Nude happens a lot backstage at fashion shows. Not just when models are changing into their second looks, but on their fingernails. Amid a frenzy of blowing hair and brandished makeup brushes, nail techs squat beside the girls, rubbing off the last show's polish and replacing it with a fresh coat. Understatement is in right now, and you'll hear a lot of lead manicurists describing to reporters "soft, glossy nudes," "matte nudes" or "sleek, high-shine nudes."
It's a lot of description for a pretty minimal look, but for the beauty companies that sponsor shows, participating is an advertising opportunity. They've got to milk it for all it's worth.
"Say someone wants to do a nude color. We can do a line, like simple nail art. That way you still have the clean nude thing, and we can talk about something more," explains Jin Soon Choi, a well-established industry manicurist who launched her own line of polishes in 2012 and now sponsors shows. "Sometimes I can say we used a matte topcoat. There are some ways to make it a little more, to expand the story."
There are of course plenty of designers who don't go for natural-looking nails, and as with everything, trends in nail polish are cyclical. But Alicia Torello, a manicurist who works solo as well as freelance for nail sponsors during fashion week, says that she created almost entirely nude looks last season. Choi says that out of six shows, three or four did the same. For some sponsors, a designer's request for a blush shade isn't a big deal. Others are expecting slightly more for the money they pay to get in on the action, though — namely a look that's going to get editors' and consumers' attention and put a spotlight on the products.
"I did Jill Stuart with Zoya. They asked to do a natural nail, and Zoya doesn't really seem to mind. Like, 'It's our beautiful natural color, and we're totally fine with that.' There's not a lot of pressure from them," Torello says. "I worked with another brand where one of the designers was like, 'We really don't want anything,' and the sponsor was like, 'You kind of need to do something.' I had to figure out how to make that happen. I was like, 'Okay, let's do a nude moon on a bare nail.'"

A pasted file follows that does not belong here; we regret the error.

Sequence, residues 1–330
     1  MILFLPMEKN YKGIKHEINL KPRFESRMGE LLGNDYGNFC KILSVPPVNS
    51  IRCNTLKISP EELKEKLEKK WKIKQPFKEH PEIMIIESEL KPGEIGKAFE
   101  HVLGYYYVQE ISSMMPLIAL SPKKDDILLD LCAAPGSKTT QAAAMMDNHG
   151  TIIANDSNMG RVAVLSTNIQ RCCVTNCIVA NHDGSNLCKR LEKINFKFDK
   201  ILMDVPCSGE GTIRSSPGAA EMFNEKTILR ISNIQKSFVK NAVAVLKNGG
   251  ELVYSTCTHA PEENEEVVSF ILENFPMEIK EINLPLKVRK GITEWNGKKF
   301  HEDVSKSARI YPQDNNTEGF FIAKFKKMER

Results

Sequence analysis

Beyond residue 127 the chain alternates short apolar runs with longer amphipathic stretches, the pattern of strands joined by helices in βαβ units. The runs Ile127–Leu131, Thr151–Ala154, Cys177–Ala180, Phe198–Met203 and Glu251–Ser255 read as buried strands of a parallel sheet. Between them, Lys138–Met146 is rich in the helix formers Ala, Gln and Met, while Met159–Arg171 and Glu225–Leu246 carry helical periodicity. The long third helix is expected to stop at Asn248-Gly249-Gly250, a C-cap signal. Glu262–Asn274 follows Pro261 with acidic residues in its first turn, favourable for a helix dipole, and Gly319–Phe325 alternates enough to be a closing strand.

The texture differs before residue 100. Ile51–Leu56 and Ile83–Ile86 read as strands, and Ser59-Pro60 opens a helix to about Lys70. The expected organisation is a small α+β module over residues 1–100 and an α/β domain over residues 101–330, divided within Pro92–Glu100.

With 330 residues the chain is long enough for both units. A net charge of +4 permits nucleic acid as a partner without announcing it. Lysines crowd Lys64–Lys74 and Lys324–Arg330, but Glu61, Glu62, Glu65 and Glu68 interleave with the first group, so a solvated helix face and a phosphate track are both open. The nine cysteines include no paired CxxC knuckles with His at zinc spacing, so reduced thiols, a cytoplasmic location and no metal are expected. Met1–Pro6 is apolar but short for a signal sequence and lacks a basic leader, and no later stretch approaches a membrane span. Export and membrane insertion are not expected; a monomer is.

And that's the rub. If designers don't want the nails to distract from their clothes, why do sponsors so badly want to be a part of fashion week?
Choi worked New York Fashion Week as a lead for Sally Hansen and Revlon before launching her own brand, and now she sponsors shows herself in addition while continuing to work with those two. Unlike some nail companies, she doesn't pay for the privilege to create the nail look; she just provides her own polishes and team. Bringing her brand into fashion week was a good way to create an image and excitement for her young line, she says. Choi is thinking about doing some European shows in the future, but says that would be entirely for marketing purposes — she already has relationships with those designers from working on campaigns.
Fashion week sponsorships weren't always a thing, for nail brands or for hair and makeup. MAC Cosmetics, one of the first companies to start sponsoring shows, began officially supporting New York Fashion Week in 1996.
Deborah Lippmann, the nail artist and founder of her eponymous polish line, first started doing nails backstage in 1994, working on another manicurist's team for the Calvin Klein show in her first season. By 1999 she had started her own line of polishes and was using them for runway shows. A designer would book her directly as the lead manicurist, she says, budgeting enough to pay both her and her team. Lippmann, who was already working with designers and editors year-round on campaigns and editorial shoots, describes creating nails for runway shows in that period as not being as much about the brand as it was about the look.